It is equally well-settled that "[c]courts may not drop a non-diverse party from a case to cure a jurisdictional defect if that party is indispensable." Rubler v. Unum Provident Corp., 04 Civ. 7102, 2007 U.S. Dist. LEXIS 7791, at *3 (S.D.N.Y. Jan. 25, 2007) (citations omitted) [emphasis added]. See also, Grupo Dataflux, 541 U.S. at 572-73; LaFontaine v. Western Galleria Hotel, 125 F.R.D. 24, 25 (D. Conn. 1988) ("Indispensable parties cannot be dropped merely to achieve complete diversity.").

The determination of whether a party is dispensable or not must be made with reference to the claims before the Court at the time the jurisdictional issue is raised-i.e., the case presented in the operative pleading, here the Amended Complaint. "[T]he question always is or should be, when objection is taken to the jurisdiction of the court by reason of the citizenship of some of the parties, whether, to a decree authorized by the case presented, they are indispensable parties." Samaha v. Presbyterian Hospital in NY, 757 F.2d 529, 531 (2d Cir. 1985) (quoting Horn v. Lockhart, 84 U.S. (17 Wall.) 570, 579, 21 L.Ed. 657 (1873)). See Envirokare Tech, Inc. v. Pappas, 05 Civ. 5515, 2005 U.S. Dist. LEXIS 32820, at *1-2, 7-8 (S.D.N.Y. 2005) (finding citizenship of parties on date of commencement of action controls for jurisdictional purposes, but analyzing claims in amended complaint to determine whether plaintiff had failed to join an indispensable defendant); Cabrini Dev. Council v. LCA-Vision, Inc., 197 F.R.D. 90 (S.D.N.Y. 2000), vacated in part on other grounds sub nom., Excimer Assocs. v. LCA Vision, Inc., 292 F.3d 134, 139-40 (2d Cir. 2002) (district court looked to amended complaint to determine indispensability, and then remanded action for lack of diversity jurisdiction, which also was absent at time of removal). Here, Altissima concedes One Niagara is indispensable to the Amended Complaint. That concession is determinative of the outcome, as Altissima has provided no authority in support of dismissing an indispensable party. That One Niagara may have been dispensable prior to Altissima's voluntary amendment to add the foreclosure claim does not alter that outcome; the pleading now before the Court for resolution includes at least one claim as to which One Niagara is concededly indispensable. Cabrini, 197 F.R.D. at 96.

Accordingly, for the reasons stated in the Report and Recommendation and herein, this Court accepts Magistrate Judge McCarthy's recommendation that Altissima's cross-motion to amend be denied on the ground that indispensable defendant, One Niagara, cannot be dropped to achieve complete diversity. Similarly, because no federal jurisdiction exists, this Court cannot permit further amendment of the Amended Complaint to drop the Sixth Cause of Action and thereby render One Niagara arguably dispensable.*fn3 This latter holding renders moot Altissima's objection to the Report and Recommendation's finding that Altissima failed to demonstrate good cause for allowing an amendment.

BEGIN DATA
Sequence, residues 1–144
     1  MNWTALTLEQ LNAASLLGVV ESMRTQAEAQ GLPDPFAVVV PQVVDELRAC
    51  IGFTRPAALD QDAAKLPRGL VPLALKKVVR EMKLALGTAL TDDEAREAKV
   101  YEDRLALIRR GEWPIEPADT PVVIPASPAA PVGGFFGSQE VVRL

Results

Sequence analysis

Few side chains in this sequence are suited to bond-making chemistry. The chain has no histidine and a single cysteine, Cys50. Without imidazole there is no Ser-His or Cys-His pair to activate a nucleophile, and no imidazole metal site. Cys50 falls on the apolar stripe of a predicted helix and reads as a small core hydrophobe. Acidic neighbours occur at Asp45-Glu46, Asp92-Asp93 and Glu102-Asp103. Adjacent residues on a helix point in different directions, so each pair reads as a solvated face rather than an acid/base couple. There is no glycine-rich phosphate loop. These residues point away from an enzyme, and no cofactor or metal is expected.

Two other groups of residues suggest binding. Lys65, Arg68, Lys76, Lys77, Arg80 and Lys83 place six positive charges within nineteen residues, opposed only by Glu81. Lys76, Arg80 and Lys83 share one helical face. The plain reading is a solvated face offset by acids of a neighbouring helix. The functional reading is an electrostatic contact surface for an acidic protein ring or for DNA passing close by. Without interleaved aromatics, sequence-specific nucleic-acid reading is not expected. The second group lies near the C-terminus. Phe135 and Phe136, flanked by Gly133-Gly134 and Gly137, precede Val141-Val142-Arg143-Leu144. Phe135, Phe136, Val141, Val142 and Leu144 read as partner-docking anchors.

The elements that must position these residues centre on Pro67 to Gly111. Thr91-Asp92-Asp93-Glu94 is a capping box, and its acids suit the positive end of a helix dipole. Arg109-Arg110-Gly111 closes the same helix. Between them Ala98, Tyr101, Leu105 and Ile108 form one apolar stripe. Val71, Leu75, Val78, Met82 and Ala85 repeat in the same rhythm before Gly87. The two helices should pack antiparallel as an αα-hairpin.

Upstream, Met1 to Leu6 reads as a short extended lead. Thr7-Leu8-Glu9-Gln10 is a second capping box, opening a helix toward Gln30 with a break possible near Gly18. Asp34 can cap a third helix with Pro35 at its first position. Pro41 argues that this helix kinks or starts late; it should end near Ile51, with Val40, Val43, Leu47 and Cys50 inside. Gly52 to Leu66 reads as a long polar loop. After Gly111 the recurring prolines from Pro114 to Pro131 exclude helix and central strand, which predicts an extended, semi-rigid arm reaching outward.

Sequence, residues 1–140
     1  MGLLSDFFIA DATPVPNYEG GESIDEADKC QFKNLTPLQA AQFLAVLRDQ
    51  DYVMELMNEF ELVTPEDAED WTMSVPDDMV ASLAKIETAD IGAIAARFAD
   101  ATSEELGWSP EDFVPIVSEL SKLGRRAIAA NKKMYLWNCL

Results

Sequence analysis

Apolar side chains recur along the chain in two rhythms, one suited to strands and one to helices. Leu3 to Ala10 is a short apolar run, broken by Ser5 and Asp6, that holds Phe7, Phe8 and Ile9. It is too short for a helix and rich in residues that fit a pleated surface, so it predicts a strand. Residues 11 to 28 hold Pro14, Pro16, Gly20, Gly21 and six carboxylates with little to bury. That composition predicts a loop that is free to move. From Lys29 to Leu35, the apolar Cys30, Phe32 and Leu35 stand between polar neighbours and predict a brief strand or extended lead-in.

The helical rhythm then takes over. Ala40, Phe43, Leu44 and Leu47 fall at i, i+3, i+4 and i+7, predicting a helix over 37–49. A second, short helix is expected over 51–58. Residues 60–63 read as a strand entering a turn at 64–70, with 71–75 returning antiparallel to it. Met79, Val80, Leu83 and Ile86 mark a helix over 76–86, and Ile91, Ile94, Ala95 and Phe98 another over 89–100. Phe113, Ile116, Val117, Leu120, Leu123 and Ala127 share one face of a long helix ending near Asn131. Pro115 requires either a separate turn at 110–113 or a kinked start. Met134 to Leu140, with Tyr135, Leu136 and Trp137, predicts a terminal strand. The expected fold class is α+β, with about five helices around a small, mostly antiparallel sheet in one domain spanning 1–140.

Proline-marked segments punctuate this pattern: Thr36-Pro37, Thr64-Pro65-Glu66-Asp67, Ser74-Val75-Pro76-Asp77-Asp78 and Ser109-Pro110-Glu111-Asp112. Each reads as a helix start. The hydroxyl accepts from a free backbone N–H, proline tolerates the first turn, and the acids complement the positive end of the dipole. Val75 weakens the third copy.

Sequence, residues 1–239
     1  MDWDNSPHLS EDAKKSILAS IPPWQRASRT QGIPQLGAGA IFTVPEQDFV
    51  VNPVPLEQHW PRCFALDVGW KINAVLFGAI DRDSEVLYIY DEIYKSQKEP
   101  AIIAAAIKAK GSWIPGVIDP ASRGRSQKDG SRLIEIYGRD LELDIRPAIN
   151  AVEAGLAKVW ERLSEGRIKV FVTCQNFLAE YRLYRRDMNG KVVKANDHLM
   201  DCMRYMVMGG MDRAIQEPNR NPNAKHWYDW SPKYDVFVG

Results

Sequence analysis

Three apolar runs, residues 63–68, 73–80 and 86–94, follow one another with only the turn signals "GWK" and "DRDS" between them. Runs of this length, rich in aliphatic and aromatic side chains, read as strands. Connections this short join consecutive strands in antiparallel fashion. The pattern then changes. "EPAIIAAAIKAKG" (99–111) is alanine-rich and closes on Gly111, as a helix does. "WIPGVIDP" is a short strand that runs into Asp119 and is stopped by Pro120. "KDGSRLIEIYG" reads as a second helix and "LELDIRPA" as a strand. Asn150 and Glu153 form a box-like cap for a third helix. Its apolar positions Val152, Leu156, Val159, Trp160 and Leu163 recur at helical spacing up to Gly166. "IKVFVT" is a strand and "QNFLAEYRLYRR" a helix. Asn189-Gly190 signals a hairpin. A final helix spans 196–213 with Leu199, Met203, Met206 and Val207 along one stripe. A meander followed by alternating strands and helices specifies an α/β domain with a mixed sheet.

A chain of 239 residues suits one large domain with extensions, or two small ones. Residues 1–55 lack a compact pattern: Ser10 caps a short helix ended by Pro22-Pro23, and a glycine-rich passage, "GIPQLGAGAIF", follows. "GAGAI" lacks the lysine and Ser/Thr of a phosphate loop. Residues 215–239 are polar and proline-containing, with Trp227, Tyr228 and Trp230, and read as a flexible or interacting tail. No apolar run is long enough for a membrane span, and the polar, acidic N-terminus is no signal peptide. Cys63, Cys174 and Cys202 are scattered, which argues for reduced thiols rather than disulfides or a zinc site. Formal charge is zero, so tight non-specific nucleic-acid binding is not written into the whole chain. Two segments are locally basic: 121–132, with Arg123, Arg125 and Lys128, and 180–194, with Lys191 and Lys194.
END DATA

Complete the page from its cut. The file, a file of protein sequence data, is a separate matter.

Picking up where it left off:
3. Rule 21 and Dispensable Parties

Altissima also objects to Magistrate Judge McCarthy's conclusion that, where diversity jurisdiction is lacking, district courts may not resort to Rule 21 to drop a dispensable nondiverse party to establish jurisdiction. Having accepted the recommendation that the case must be dismissed due to Altissima's concession of One Niagara indispensability, this Court finds it unnecessary to consider what the outcome might have been had its dispensability to the Amended Complaint been at issue. Accordingly, I reject this portion of the Report and Recommendation without analysis, as an issue that need not be addressed by the Court.

4. Altissima's Motions for Sanctions

Magistrate Judge McCarthy refused to exercise his discretion to impose sanctions in favor of Altissima on the ground that Altissima knew or reasonably should have known from the outset that diversity was lacking. This Court may modify or set aside this nondispositive determination if it is clearly erroneous or contrary to law. Altissima's objections do not identify any such defect. Accordingly, the determination is accepted.

IV. CONCLUSION

This Court accepts the recommendation in Magistrate Judge McCarthy's February 2, 2010 Report and Recommendation (Docket No. 180), as modified herein.

V. ORDERS

IT HEREBY IS ORDERED, that this Court accepts Magistrate Judge McCarthy's February 8, 2010 Report and Recommendation (Docket No. 180), for the reasons given and the additional reasons stated herein, except that the Report and Recommendation is modified with respect to the discussion at the third paragraph on page 7 through the first full paragraph of page 11. This discussion is deleted as unnecessary in that the issue presented need not be addressed by this Court.

FURTHER that Defendants' Motion for Summary Judgment (Docket No. 151) is GRANTED to the extent it seeks dismissal of the Amended Complaint, without prejudice, for lack of jurisdiction.

FURTHER that Plaintiff's Cross-Motion for Leave to Amend its Amended Complaint (Docket No. 161) is DENIED.

FURTHER that Plaintiff's Motions for Sanctions and an Order of Contempt (Docket Nos. 65, 119, 143) are denied.

FURTHER that the Clerk of Court is directed to close this case. SO ORDERED.

Dated: September 2, 2010Buffalo, New York